Q: Your new record, Dreamland, is your first solo effort since 1993. Why so long?
A: After my last solo record, Jimmy Page and I got back together. We were presented with a Grammy-the first and only Grammy we've ever had-but then I got to a point working with Jimmy where the past was the only thing that carried any currency. So I went to Norway, to the northernmost town in the Arctic Circle. I played in the land of the midnight sun. It wasn't the same structured entertainment arena that I'd been getting bored with. I'm sure everyone who's been around a long time does it. You just change gears.

Q: Led Zeppelin protected its catalog for years. So why license "Rock and Roll" to Cadillac?
A: Led Zeppelin has been there through three generations of teenage angst. And there's a generation of kids now who won't know it, post-Linkin Park. For a kid watching a ball game who thinks Led Zeppelin are a bunch of rich bastards who chuck TV sets out of windows and do funny things with sharks, I like the idea that it makes them go, "Who is that?" It gives the music a little more time, and allows us to compete in a contemporary world without having to re-form, like three Burl Iveses staggering around the stage.

Q: Are you a Cadillac man?
A: I drive an Audi. But I'll drive a Cadillac now.

Q: You were known for having the tightest trousers in rock. What inspired your fashion choices?
A: I think Led Zeppelin must have worn some of the most peculiar clothing that men had ever been seen to wear without cracking a smile. The nattiest dresser was John Paul Jones, who had coats made with imitation onions sewed to the shoulders and an assortment of small accoutrements from dolls' houses and a bit of a fox head somewhere or another. I was told that if you got in the bathtub with jeans on, they'd shrink up. I didn't have elephantiasis. There was nothing wrong with my genitals at all.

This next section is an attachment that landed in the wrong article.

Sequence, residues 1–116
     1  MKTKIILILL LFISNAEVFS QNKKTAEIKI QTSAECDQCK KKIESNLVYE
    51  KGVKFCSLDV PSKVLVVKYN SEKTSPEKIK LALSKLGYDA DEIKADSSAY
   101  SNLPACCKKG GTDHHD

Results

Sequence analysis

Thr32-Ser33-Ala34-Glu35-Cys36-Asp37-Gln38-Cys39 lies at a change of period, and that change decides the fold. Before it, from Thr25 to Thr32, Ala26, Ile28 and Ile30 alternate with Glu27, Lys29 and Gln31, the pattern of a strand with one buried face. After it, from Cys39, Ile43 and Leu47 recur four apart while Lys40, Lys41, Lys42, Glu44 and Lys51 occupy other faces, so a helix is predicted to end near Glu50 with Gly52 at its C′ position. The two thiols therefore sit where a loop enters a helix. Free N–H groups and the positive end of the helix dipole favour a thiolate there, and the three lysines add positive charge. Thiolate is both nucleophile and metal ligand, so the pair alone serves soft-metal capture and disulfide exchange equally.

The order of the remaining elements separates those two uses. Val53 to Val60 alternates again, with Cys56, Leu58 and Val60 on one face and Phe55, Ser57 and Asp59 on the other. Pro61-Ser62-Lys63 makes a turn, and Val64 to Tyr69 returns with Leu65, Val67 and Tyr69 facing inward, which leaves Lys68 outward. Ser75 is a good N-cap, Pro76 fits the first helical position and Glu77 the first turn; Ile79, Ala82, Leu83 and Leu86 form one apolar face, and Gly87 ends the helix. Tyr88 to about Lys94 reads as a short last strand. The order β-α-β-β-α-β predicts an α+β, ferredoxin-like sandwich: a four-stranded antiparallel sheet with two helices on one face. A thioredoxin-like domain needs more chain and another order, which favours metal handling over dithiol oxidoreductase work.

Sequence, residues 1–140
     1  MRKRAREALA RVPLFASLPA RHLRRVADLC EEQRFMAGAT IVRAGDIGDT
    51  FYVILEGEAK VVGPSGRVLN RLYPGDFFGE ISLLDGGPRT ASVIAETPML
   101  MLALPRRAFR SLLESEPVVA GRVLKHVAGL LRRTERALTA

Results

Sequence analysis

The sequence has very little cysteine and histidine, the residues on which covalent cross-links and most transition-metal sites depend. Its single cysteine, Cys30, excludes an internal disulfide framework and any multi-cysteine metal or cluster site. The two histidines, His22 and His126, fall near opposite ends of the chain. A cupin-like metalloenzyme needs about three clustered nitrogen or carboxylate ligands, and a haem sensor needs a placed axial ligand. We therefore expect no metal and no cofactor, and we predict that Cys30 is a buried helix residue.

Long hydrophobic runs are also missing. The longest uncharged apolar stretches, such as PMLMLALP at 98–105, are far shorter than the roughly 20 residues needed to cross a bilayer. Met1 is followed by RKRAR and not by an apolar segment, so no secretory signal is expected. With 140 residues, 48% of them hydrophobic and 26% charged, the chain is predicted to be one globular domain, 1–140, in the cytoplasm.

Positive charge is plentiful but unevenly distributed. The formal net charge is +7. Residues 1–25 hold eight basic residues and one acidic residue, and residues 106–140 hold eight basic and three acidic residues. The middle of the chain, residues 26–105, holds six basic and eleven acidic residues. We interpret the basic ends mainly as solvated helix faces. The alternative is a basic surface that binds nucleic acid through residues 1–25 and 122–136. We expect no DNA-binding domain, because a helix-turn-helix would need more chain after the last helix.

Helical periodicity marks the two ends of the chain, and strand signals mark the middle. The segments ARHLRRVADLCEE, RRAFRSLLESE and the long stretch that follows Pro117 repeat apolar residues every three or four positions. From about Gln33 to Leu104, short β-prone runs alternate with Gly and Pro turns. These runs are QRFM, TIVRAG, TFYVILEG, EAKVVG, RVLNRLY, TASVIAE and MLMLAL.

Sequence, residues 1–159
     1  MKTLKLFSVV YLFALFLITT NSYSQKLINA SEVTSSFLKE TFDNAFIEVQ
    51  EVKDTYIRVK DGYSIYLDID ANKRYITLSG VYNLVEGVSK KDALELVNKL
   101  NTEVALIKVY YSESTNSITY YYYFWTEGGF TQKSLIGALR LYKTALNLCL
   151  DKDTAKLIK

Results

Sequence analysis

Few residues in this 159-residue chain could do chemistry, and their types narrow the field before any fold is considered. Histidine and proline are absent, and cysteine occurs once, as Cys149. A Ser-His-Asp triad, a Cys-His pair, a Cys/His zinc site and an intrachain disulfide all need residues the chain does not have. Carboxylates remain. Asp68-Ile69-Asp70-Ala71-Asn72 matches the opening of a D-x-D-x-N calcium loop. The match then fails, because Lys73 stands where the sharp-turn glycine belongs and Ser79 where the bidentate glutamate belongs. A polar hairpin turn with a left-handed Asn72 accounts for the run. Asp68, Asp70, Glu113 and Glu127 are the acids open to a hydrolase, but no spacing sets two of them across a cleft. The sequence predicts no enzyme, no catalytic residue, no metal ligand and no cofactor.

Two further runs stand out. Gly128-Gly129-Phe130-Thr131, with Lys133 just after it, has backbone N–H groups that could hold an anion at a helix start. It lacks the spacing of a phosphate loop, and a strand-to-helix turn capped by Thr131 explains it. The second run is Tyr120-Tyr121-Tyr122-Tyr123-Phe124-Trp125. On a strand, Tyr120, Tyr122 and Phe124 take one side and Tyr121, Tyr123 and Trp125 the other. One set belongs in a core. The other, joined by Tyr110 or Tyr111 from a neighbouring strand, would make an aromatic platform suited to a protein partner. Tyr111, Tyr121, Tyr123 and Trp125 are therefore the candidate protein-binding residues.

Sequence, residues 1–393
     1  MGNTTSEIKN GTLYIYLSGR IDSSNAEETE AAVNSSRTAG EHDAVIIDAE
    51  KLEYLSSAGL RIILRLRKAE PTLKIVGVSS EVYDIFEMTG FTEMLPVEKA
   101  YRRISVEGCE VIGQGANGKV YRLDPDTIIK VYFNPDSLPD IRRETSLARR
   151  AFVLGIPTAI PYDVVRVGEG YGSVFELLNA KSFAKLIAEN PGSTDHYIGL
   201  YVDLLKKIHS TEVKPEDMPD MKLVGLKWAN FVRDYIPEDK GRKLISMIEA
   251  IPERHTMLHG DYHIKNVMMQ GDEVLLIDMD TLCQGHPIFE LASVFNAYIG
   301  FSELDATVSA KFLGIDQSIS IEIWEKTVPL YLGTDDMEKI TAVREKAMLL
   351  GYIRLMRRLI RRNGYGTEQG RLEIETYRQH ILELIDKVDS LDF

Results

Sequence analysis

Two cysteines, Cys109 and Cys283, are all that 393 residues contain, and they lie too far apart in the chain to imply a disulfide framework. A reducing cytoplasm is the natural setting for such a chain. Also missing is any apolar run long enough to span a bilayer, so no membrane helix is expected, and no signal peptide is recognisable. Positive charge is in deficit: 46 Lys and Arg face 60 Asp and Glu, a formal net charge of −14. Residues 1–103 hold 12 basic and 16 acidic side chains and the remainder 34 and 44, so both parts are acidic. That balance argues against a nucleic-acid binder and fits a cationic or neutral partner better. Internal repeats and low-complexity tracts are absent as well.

Q: What do you think of modern styles?
A: I cannot understand why everybody looks like they're going on a camping trip these days. People go out dressed as if they're going into the great outback, but they're really only going to a microbrewery down on Tenth Street. We're all ready to join the Scout movement. People have got to let their bodies breathe a little bit more. That's the great thing about being a pompous, jumped-up rock god. There's plenty of air around you.

Q: After spending your life touring in rock bands, what have you learned about women?
A: This is what I've learned about women: A guy's walking down the street and he kicks a Coke can, and out comes a genie, and the genie says: "I will grant you one wish." The guy says, "I don't need anything. I'm happy. I play tennis. I sing in a rock group. But there is just one thing. I want to go to Florida and I hate flying. Can you build me a bridge from London to Miami?" And the genie scratches his head and says, "I don't think I can do that. That's a bit too much." So the guy says, "Wait a minute: women. Can you explain the ways of a woman's mind?" And the genie looks at him and says, "About that bridge. Do you want a handrail and lights?" It's a handrail and lights, man. Whenever there's trouble with women we all go, "Just give me the bridge." It's much easier.